‘You With Me’ review: Tediously formulaic and unimaginative
A cross-cultural love story that is sadly lacking in culture, among other things, Rommel Ricafort’s You With Me is tediously formulaic and painfully unimaginative.
Neither clear nor concise
Kim (Devon Seron), an English tutor to students from different countries, is sick and tired of her life as the lone daughter of wealthy but very restrictive parents (Tonton Gutierrez and Assunta de Rossi). When she gets invited by one of her Korean students to visit Seoul, she quickly grabs the opportunity to escape the clutches of her unreasonably protective family and live an independent life as the assistant to Jayson (Hyun Woo), a young entrepreneur who needs Kim’s English skills to win an important contract.
It doesn’t come as a surprise that Kim and Jayson end up falling in love.
Scripted by Shine Ricafort, You With Me takes too long to find its romantic footing. It busies itself with details that do nothing to the plot. For example, early in the film, a flashback is presented that details how Kim was prevented by his father’s bodyguards from accepting a prom proposal from an admirer. The film then continues to follow Kim as she quickly chats with her rejected admirer.
Other than to stress the point that Kim is pathetically caged since childhood or to give the actor playing Kim’s admirer a bit of screen time, those scenes could have been removed, resulting in a film that would probably be more tolerably paced. Ricafort, however, seems addicted to needless flashbacks and lengthy fillers, since the film takes every opportunity to break its already baffling narrative to show events that have happened in the past, emphasizing the director’s glaring inability to be clear and concise in his storytelling.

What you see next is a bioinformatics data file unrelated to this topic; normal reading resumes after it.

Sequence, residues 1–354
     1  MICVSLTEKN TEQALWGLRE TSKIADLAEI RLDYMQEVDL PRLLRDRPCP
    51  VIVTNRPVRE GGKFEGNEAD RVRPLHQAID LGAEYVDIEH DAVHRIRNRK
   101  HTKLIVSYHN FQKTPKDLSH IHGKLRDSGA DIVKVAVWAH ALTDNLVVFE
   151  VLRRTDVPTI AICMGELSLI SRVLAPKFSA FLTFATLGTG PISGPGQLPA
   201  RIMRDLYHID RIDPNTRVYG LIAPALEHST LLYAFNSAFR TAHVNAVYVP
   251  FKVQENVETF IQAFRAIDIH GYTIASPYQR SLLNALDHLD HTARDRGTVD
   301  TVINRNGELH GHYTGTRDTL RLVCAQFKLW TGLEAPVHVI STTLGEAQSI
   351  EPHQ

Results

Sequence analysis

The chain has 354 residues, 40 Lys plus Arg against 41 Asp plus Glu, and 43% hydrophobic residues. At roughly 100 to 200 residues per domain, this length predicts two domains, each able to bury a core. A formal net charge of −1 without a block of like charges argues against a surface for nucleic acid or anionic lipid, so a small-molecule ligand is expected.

Failing in romance
More frustrating is how You With Me fails in the romance department.
The film is too preoccupied with showcasing how both Kim and Jayson are in the process of falling for each other. Ricafort peppers his film with scenes of the two would-be lovers delighting at the thought of being in love that he forgets to weave scenes where both of them are truly in love. As a result, the pains and aches that the film attempts to communicate when it unveils its big reveals are hugely ineffective.
The film is all about infatuation and never attempts to communicate how the two characters have grown to feel love for each other.
It also doesn’t help that Seron and Hyun Woo lack any real chemistry. Individually, they’re fine, making most of their underwritten characters with whatever charm and charisma they can spare. When they are together however, there is really nothing except rehearsed smiles and embraces that are tritely accompanied by syrupy love songs that don’t really add any emotion to the uninspired montages. It is all very forced, and while the film has moments that could have worked if only Ricafort attempted to be more inventive, the whole thing is just too dismally derivative to be any real source of delight.
Silly, dubious, and unsophisticated
In the end, You With Me has a story that is too silly to hold the romance together. Its characters have motivations that are dubious. Its crafting is far too unsophisticated.
Drab and dull, the film doesn’t even attempt to say anything about the differences in its two lovers’ cultures because it is simply too attached to its nonsensical conceits. It’s quite a waste. – Rappler.com
Francis Joseph Cruz litigates for a living and writes about cinema for fun. The first Filipino movie he saw in the theaters was Carlo J. Caparas' 'Tirad Pass.' Since then, he’s been on a mission to find better memories with Philippine cinema.